November finally brought weather that felt something like fall (at least in the American Northeast), and with it, a group of albums to match the chillier temperament. From Early Fern’s cozy and warm soundscapes to Duane Pitre’s frosted and freakish synths, the best ambient albums from this month take their various inspirations—the simple beauty of rural America, the vastness of the cosmos, academic studies of tone and form—and transform them into compositions that beget deep listening, perhaps best done watching the snow fall from the warm interior of your living room.
Music For Psychedelic Therapy
2 x Vinyl LP, Compact Disc (CD)
For decades, the stereotypical “psychedelic” playlist might have looked like a combination of Dark Side of the Moon, The Moody Blues, and maybe some latter-day Beatles for good measure. But for Jon Hopkins, who was heavily impacted by a psilocybin trip 15 years ago, the proper music for such a drug-fueled journey of the mind is a quieter, more subtle affair. On Music For Psychedelic Therapy, the veteran British producer aimed to create an album that would help transport psychonauts to “other realms.” He took inspiration for his sweeping strings and intricate electronic compositions from a recent excursion through Ecuadorian caves. The album combines atmospheric field recordings from that trip—water dripping, birds chirping—with serpentine synths and intimate piano. The result is a record that creates a contemplative and expansive state, mind-altering substances optional.
The music of Duane Pitre is always a bit foreboding, using alternative piano tunings to create an aural universe that seems slightly tilted. On Omniscient Voices, the composer takes inspiration from the tonal structures of Morton Feldman and the minimalist pulses of Philip Glass. The follow-up to a trilogy of albums that began with 2012’s Feel Free, the album sees Pitre exploring the limits of shorter compositions—expanding a single piano note or a wavering synth to say more with less.
Combining programmed percussion, manipulated field samples, and original electronic compositions, Supermundane is halcyon yet lively. That John Thayer describes some of its most transcendent moments, such as a feedback loop of bird calls from the title track, as accidental lends the record a serendipitous lightness. Thayer’s percussive background shines throughout the record, adding a soothing counterweight to his airy chord progressions.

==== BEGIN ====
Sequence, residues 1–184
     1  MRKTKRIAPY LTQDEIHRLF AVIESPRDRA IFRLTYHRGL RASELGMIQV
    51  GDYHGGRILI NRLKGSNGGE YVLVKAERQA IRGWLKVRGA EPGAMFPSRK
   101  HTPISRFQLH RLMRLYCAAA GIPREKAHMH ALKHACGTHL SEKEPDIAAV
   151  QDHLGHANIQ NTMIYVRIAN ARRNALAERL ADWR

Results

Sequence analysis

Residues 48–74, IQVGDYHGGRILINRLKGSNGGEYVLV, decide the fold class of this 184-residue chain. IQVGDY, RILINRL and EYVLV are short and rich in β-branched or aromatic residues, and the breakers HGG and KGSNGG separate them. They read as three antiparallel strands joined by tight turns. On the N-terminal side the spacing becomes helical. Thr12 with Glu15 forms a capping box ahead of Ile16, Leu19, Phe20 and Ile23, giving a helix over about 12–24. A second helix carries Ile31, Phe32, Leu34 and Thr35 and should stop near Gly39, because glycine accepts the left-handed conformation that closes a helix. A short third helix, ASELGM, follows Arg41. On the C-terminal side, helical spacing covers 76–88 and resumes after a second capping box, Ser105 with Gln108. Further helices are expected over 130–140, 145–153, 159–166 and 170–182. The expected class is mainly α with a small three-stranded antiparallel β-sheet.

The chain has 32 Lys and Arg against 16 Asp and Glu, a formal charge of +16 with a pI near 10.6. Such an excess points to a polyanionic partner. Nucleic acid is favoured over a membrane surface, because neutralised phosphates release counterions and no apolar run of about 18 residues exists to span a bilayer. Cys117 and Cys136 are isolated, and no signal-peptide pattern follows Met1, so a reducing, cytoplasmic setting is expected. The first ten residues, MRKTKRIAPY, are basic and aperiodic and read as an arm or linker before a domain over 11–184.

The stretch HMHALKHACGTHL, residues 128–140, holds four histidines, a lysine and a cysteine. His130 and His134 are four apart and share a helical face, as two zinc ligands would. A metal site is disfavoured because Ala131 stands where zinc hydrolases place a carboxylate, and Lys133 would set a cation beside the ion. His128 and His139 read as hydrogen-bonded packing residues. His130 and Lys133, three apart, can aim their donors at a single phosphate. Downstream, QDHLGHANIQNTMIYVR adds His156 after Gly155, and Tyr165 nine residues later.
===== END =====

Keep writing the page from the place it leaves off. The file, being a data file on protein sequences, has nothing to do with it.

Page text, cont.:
Place of Rest
Compact Disc (CD), Cassette
The sounds of nature are part and parcel of Place of Rest, the new record from Early Fern. Recorded while they were living in a cabin situated on a friend’s farm in Virginia, the record captures the sounds and spirit of their isolated environs. There are more literal interpolations of their naturalistic habitat, like the babbling brooks rumbling on “Spring Green.” But more frequently, the album tracks the overwhelming tranquility of Early Fern’s connection to their home—the pitched synths on “Globes of Light” mirror the quiet beauty of waking with the sunrise; “Snowy Woods” chimes with featherlight melodies, like a faint, gorgeous echo of “Nutcracker Suite.” The album ebbs and flows with energy, just as Early Fern’s experience on the farm changed throughout the recording process—refurbishing a cabin for winter, preparing the land for another growing season. It’s a restorative listen even if your Place of Rest is far less remote than Early Fern’s farm.
Under Searing Skies
The third There is Still an Orchestra compilation from French experimental record label Spleencore includes contributions from ambient artists who each take a unique approach to the stillness of the genre. Proceeds from the record go to restoring wildlife in areas of Greece and Turkey destroyed by wildfires. The nine tracks here are appropriately generative, embodying the feeling of creating something anew. Jenn Grossman’s “mind orbit” is an extraterrestrial electronic science experiment, buzzing with a murkiness that undergirds much of the experimental composer’s work. Margot Blue’s twinkling “When the Dust Settles,” by contrast, wouldn’t sound out of place at a downtempo club night. There’s a unifying melodic quality that carries throughout the record, unifying its disparate modes through a shared sense of hopefulness.